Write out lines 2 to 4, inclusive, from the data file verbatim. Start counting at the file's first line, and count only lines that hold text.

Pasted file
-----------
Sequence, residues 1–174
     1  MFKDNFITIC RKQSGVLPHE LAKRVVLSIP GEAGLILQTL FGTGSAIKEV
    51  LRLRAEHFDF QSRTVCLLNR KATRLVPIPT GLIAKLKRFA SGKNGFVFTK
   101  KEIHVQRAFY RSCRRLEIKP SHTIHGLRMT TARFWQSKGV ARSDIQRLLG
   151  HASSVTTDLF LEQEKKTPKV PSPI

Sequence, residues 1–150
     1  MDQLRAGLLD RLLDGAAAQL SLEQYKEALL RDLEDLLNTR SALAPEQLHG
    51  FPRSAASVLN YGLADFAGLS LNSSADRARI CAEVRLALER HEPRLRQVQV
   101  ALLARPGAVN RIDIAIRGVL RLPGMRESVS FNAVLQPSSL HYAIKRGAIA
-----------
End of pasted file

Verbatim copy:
     1  MFKDNFITIC RKQSGVLPHE LAKRVVLSIP GEAGLILQTL FGTGSAIKEV
    51  LRLRAEHFDF QSRTVCLLNR KATRLVPIPT GLIAKLKRFA SGKNGFVFTK
   101  KEIHVQRAFY RSCRRLEIKP SHTIHGLRMT TARFWQSKGV ARSDIQRLLG